Given their migratory behavior, it is difficult to count the total population of dolphins on the planet.
Dolphins are warm-blooded, air-breathing mammals that belong to the order Cetacea — derived from the Greek word, “ketos,” meaning “large sea creature,” and the suborder Odontoceti, which means “toothed whales.”
There are at least 44 species of dolphins divided into oceanic and river families and they are found in waters all over the world. Getting an exact species count is difficult and somewhat confusing because dolphins are often reclassified. Adding to the confusion is some dolphins are also called whales, such as the Northern Right Whale Dolphin. In addition, dolphins travel in pods of between two and 30, and that number can swell to as many as several thousand during mating season, making an exact count even more challenging. Data is missing or deficient of some dolphin species as well.
Like so many animal species, dolphins are under siege from humankind’s excesses, such as urbanization, pollution, widespread use of gillnets by fishermen and, of course, human-caused climate change. Given the challenges animals face, more than 27,000 species are endangered right now — and these are other animals humans are driving to extinction.
|Amazon River Dolphin||Tens of thousands||Vulnerable||Amazon and Orinoco river basins|
|Atlantic White-Sided Dolphin||300,000||Least concern||North Atlantic Ocean|
|Australian Snubfin Dolphin||Several thousand||Vulnerable||North, East Australia, Papua New Guinea|
|Bolivian River Dolphin||5,000||Vulnerable||Rivers in Bolivia and Brazil|
|Bottlenose Dolphin||600,000||Least concern||Oceans|
|Chilean Dolphin||5,000||Near threatened||Coastal waters of Chile|
|False Killer Whale||60,000||Near threatened||Waters all over the world|
|Fraser’s Dolphin||320,000||Least concern||Oceans in deep water|
|Ganges River Dolphin||2,500-3,000||Endangered||Freshwater river in India|
|Hourglass Dolphin||144,300||Least concern||Antarctic and sub-Antarctic waters|
|Indo-Pacific Hump-backed Dolphin||2,500||Vulnerable||Southeast Asia|
|Indus River Dolphin||1,800-1,900||Endangered||Freshwater rivers in India and Pakistan|
|Irrawaddy Dolphin||92||Critically endangered||South and Southeast Asia|
|Killer Whale (Orca)||1,000 in Alaska||Data deficient||Open ocean|
|Long-finned Pilot Whale||Several hundred thousand||Least concern||Southern Hemisphere, North Atlantic Ocean|
|Melon-headed Whale||50,000||Least concern||Subtropical waters, Hawaii|
|Northern Right Whale Dolphin||68,000||Least concern||Northern Pacific Ocean|
|Pantropical Spotted Dolphin||2 million to 4 million||Least concern||Open ocean|
|Pygmy Killer Whale||40,000||Least concern||Deep, warm waters|
|Striped Dolphin||2 million||Least concern||Wider Caribbean Region|
|White-Beaked Dolphin||100,000||Least concern||North Atlantic Ocean|
There are at least five species of dolphins that are endangered or critically endangered, according to the conservation groups the World Wildlife Fund and the International Union for Conservation of Nature and Natural Resources. They are the Atlantic Humpbacked Dolphin, Ganges River Dolphin, Hector’s Dolphin, Indus River Dolphin, and Irrawaddy Dolphin.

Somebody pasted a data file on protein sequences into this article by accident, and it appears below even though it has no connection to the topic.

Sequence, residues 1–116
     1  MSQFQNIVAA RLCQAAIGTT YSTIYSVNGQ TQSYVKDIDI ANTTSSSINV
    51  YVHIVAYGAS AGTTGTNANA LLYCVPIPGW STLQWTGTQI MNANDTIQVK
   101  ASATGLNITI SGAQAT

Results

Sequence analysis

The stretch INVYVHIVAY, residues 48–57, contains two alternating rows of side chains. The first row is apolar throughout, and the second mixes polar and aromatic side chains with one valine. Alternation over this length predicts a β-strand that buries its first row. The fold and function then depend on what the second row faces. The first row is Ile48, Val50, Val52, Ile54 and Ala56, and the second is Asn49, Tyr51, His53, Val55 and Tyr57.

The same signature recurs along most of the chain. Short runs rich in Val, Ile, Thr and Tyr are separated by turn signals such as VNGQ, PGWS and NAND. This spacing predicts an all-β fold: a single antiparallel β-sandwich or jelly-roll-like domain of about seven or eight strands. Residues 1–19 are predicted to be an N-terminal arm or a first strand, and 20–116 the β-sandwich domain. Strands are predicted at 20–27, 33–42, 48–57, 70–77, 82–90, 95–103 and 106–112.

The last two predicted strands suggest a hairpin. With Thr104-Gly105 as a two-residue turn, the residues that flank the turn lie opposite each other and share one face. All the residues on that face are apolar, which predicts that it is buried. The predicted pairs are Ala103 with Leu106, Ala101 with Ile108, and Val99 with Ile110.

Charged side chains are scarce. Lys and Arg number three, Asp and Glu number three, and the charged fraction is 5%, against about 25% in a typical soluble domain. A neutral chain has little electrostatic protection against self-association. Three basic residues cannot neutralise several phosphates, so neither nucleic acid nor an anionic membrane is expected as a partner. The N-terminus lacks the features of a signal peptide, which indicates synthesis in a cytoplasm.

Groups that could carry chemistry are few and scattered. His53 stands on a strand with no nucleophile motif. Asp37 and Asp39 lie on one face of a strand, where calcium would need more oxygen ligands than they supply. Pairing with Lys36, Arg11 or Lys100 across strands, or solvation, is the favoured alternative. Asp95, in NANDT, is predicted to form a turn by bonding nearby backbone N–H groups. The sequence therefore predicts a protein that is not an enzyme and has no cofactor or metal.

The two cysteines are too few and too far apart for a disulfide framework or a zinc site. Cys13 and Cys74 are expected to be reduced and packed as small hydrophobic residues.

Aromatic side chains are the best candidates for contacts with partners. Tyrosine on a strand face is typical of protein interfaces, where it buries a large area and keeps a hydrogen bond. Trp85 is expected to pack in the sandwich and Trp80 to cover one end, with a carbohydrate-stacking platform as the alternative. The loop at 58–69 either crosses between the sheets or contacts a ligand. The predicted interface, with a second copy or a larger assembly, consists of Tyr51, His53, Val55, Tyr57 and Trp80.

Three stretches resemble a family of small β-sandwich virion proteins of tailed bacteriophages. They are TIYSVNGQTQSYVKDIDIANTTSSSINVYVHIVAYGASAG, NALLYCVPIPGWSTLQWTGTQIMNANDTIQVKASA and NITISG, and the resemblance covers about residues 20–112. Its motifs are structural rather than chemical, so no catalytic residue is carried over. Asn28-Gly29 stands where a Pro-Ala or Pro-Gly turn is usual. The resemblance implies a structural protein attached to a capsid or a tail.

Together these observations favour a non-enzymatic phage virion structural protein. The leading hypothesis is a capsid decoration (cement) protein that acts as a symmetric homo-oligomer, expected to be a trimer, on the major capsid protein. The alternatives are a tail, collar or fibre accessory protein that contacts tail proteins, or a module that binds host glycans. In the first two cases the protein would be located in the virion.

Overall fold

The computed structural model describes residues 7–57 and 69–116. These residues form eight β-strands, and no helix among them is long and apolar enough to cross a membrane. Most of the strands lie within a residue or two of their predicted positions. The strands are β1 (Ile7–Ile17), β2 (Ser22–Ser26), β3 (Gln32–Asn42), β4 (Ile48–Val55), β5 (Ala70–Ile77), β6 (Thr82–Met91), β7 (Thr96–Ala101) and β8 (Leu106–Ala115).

Aggressive fishing almost brought about the demise of the spinner dolphin in the eastern Pacific Ocean. In the 1980s, fisheries focused on the yellowfin tuna as it soared in popularity in restaurants and kitchens, and for reasons not fully known, the yellowfin schooled with the spinner dolphin. Millions of spinner dolphins were accidentally caught and killed when the fishermen set up nets around dolphin pods to catch the tuna.
It is believed that the spinner dolphin is one of the most common species of dolphin, along with the bottlenose, though its numbers, at least in Australia’s Darwin harbor, have halved in seven years.
We’ve recently lost one dolphin species. The baiji or Yangtze River dolphin, is believed to be the first dolphin species that humans have made extinct. The mammal succumbed to pressures exerted by the surging urbanization of China that began in the late 20th century. The baiji also became regularly enmeshed in fishing equipment and its habitat was destroyed as a result of the construction of the gigantic Three Gorges Dam that was completed in 2006. The current ongoing wave of animal and plant extinction, the worst since the dinosaur era — and these are the species that may have recently gone extinct.
The future does not bode well for some species of dolphin. Thomas A. Jefferson, a marine mammal biologist with Clymene Enterprises in Lakeside, California, has written extensively about at-risk dolphins and other cetacean species. He wrote in a chapter of his paper, “Endangered Odontocetes and the Social Connection: Selected Examples of Species at Risk,” that the Atlantic Humpback Dolphin is among the animal species that will go extinct in modern times.
“There is no doubt that several cetacean species (and many other populations) are in danger of extinction in the next decade or two,” he wrote. “That this is the case in a world of great human wealth and enormous technical achievement is a sad statement on our lack of concern for the natural environment.